There are reports that as covid numbers soar, sales of scented candles drop, as customers report on their disappointing lack of smell. Whether it is true or not, the realisation gives one pause: we live in a world where it is plausible to imagine that thousands of people would fail to realise that they’ve lost one of their senses, so little do they use it in their lives. It is equally disturbing to hear the phrase ‘augmented reality’ used, without irony, to refer to games that restrict reality to pixels on a palm-sized screen. The enormity of the loss, when the reality itself of the world we live in, its weight, its sensorial presence, has faded away from our lives should no longer be allowed to go unnoticed.

But it would be far too easy to answer with nostalgia. There is no utopian past to go back to; we are the direct result of the centuries that preceded us, where nature was an enemy, a poison, an endless source of fear. We did not descend from a golden age. But maybe we can make it come true.

So let’s make it happen. Let’s head towards a world where the ground under our feet crawls with life, and we don’t call it vermin. A world where glyphosate is only allowed to keep existing to rectify past mistakes, where trees grow free and rivers run clean, where the people who live off untamed forests and tundras no longer have to fight for dignity and peace, where the beasts that terrify us are left alone rather than slaughtered, when we turn the mistakes of our past into something that can thrive again.

This is a time of waiting, of stillness, but only if we accept it so.

When winter descends on Provence, the north wind sometimes turns the sky into the purest, brightest shade of blue. Such stillness can only come from the deepest turmoil, air twirling above in mighty currents, even though we cannot see it. Only when we look down to the ground do we notice the trees swaying. Only when we pause at last to look at what stands right in front of us do we realise that movement is in the nature of the world, and it only takes a strong will to steer it where we want it to go.

The present is clay, sitting cool and wet in the palm of your hand. Squash it, twist it, mold it. Shape it into something beautiful.

From the Editors: a scribbled note in a water-damaged notebook

The call for submissions for Reckoning 5’s poetry started as a scribbled note in a water-damaged notebook I lost years ago. It was Toronto labour rights activist and scholar Dr. Winnie Ng’s answer to a 2013 panel question on what she’d tell young organizers: that we can organize from rage, but where it was possible, you could go the long haul if you organized from joy. I lost the notebook, so I’m not going to get that quote right.

Living in a busy urban downtown sharpens your vision for the natural world living alongside and around you. You start relationships: with the raccoon that topples over your compost bin to eat tomato scraps; with the ash tree whose lowest leaves are low enough to, on the days you wear high heels to work, brush the top of your head like a benediction. You learn to truly value that ecosystem threaded through the cracks, and realize that busy spaces are full of half-visible mitzvot. You can think nobody is and then your vision sharpens to those little signs, and you realize: somebody is. That public native species garden didn’t grow itself, and those squirrels aren’t fat and happy on their own account. Someone planted chestnut trees. Someone is, just outside your frame of reference, doing the work.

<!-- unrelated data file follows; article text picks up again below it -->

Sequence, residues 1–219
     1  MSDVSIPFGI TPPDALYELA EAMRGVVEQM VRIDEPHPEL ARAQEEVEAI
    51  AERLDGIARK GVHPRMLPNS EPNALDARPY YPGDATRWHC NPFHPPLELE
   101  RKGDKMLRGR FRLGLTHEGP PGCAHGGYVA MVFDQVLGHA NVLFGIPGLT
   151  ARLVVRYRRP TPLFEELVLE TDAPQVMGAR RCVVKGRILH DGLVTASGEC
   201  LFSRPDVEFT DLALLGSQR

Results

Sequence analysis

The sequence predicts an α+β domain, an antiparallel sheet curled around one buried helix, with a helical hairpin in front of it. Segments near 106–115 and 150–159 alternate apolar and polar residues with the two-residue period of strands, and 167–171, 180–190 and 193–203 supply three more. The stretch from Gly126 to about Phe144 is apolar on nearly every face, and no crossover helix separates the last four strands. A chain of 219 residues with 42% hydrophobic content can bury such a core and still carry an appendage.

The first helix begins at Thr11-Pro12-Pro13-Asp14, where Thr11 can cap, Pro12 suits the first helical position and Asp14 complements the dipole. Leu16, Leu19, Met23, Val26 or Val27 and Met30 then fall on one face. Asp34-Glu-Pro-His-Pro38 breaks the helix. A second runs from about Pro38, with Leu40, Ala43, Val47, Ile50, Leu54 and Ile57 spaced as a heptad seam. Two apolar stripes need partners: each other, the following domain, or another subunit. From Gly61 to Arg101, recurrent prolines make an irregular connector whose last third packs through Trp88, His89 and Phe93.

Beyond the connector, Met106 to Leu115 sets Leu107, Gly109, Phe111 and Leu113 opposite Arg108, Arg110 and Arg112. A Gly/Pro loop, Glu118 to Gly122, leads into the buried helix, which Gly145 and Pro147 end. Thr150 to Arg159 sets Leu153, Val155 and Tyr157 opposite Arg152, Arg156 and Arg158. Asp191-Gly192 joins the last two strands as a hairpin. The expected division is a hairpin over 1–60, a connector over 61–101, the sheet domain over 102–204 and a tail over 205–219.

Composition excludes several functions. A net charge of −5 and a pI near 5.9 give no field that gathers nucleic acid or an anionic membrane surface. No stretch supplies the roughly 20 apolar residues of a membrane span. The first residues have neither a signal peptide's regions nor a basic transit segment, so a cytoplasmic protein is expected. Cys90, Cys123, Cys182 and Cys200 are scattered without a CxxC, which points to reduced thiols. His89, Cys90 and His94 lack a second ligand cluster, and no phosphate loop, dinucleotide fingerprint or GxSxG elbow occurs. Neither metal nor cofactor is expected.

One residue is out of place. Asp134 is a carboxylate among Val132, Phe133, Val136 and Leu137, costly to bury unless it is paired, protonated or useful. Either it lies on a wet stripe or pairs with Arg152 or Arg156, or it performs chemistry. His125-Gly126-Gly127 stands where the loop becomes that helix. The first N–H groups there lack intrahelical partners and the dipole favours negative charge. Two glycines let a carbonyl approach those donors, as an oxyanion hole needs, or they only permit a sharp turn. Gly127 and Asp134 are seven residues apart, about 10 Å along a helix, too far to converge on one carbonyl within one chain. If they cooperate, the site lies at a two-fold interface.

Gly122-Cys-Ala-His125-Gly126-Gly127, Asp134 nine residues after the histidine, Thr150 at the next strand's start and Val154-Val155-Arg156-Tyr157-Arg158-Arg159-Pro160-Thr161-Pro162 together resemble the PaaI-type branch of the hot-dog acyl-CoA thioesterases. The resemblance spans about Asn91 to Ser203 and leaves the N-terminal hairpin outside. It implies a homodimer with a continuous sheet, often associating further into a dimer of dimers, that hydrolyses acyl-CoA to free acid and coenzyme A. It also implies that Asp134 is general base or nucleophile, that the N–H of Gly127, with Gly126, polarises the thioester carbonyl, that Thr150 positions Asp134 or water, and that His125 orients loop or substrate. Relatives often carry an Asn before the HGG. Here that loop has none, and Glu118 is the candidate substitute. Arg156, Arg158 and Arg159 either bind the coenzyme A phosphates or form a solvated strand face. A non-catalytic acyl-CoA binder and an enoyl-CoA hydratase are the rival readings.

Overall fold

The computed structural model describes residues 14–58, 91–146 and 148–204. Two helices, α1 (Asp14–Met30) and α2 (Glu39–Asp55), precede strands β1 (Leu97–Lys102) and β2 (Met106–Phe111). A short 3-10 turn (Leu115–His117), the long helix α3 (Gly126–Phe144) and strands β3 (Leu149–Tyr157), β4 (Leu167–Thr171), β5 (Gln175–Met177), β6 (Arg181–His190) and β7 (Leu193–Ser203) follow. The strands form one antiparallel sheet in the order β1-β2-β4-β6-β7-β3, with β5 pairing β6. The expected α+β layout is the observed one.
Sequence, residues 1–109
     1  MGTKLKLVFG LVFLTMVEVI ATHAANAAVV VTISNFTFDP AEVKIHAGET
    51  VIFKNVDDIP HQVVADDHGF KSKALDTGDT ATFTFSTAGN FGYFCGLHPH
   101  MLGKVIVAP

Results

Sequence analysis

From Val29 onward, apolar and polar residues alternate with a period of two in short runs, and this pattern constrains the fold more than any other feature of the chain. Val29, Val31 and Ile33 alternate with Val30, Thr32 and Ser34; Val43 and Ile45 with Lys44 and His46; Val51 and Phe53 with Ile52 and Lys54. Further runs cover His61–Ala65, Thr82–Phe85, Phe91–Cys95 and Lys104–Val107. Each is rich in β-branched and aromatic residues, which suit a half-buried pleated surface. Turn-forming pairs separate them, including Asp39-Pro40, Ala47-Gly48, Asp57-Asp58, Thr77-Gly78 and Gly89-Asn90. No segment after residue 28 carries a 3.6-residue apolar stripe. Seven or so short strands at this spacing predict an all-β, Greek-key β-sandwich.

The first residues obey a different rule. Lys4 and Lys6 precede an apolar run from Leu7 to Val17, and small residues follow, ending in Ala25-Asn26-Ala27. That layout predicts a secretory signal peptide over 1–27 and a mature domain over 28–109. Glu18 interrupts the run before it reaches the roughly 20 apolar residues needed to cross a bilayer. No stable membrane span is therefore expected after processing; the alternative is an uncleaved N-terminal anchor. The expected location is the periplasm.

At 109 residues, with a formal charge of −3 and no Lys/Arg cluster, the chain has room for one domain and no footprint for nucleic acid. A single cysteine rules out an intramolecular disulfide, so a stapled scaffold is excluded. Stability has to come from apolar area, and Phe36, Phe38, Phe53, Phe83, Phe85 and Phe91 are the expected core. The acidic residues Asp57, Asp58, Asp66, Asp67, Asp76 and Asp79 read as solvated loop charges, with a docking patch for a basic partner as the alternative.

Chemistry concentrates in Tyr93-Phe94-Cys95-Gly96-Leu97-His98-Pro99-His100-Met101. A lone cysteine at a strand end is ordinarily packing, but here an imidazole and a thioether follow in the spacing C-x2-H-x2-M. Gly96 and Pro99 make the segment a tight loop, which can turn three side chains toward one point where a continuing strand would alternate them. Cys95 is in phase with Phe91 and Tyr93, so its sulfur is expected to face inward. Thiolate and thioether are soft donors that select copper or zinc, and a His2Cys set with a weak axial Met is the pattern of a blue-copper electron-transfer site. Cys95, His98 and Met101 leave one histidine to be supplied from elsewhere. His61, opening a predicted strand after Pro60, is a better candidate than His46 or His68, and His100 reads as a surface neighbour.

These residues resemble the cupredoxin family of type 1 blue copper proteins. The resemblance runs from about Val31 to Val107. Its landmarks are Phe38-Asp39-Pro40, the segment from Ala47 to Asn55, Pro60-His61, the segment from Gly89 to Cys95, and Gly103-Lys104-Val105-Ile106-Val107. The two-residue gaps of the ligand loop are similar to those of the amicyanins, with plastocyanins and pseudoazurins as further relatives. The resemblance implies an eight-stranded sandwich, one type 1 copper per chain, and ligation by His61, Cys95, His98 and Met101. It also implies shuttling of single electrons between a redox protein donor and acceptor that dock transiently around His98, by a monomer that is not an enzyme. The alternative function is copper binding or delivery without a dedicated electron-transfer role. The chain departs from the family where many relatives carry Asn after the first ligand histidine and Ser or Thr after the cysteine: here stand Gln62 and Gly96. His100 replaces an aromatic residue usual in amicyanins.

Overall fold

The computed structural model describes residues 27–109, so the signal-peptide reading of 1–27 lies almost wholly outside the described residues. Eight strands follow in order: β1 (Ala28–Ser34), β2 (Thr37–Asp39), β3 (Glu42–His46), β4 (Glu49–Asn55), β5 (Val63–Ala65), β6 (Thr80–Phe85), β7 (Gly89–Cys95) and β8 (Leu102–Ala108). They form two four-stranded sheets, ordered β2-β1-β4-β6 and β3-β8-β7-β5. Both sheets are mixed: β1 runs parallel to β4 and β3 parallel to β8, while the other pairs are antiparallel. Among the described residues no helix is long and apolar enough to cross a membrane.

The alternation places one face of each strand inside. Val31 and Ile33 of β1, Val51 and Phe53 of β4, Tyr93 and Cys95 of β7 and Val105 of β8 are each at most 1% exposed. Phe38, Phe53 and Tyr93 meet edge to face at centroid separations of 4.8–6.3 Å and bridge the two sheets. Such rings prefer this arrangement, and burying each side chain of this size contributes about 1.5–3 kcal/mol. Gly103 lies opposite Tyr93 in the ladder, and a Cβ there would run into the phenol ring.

Our call for poetry was about those intimacies: the seed waiting in your pocket, cupped handfuls of gorgeous things in motion, little gods. What work you were doing, and why you did it. Maybe we could all sharpen our vision, together.

We had no idea what was coming.

In Toronto, I have spent this pandemic year uneasily hibernating as part of a high-risk household. I stepped outside in May and the trees were leafing outward; the next time, in mid-June, the flowers were already going to fruit. It has been hard to know whose precautions to trust, where the future was leading.

Meanwhile, submissions poured in from every continent except Antarctica, and built a paper spine to keep my head up as the case counts fluctuated. Every week this year, I’ve spent a few hours reading poetry and essays about those little flecks of possibility: vivid, loving descriptions of the ground as wrinkled wise skin; laughing lines about coral; how far you can travel on patched-up sails; “we breathe and breathe and / breathe”. Ambivalent, pragmatic, realistic, joyous, fierce, those carefully nurtured loves started to feel like sonar, describing the shape of a world latticed with somebody is. Everything was most-beautiful. Webbed between chat servers, databases, and international video calls scheduled delicately to link three time zones—systems that felt like they should be so tenuous—what’s emerged is so solidly real.

Doing this project in a disrupted, unsettled year meant no matter what I could find to fear, somebody is. The process of putting this volume together gave us the proof. I can close my eyes and see a constellation: hundreds of people who believe in the limitless potential of being for something fiercely enough to write about it during a global pandemic.

That’s what I hope this offers you: a volume that holds the proof, that shakes with the force of that jotted-down note seven years ago, organize from joy. Even though the notebook got soaked until it was unreadable, was lost in a move, and I had to dig through old websites and event listings to find the conference and rediscover Dr. Ng’s name to properly credit her for the impact, I remembered the important part all the way through: If I love things and work from that love, my strength will not fail me.

So, here we are—not all of us, and not in equal circumstances: on our balconies, in wide-open spaces, in overcrowded housing with a half-dozen people we love, doing the work with our hands, doing the work with our mouths, holding ourselves or other people together, failing for today to do it, following instinct, following best practice, fumbling, planting, advocating, pushing back, pushing forward. Tending tiny miracles until they split the pavement.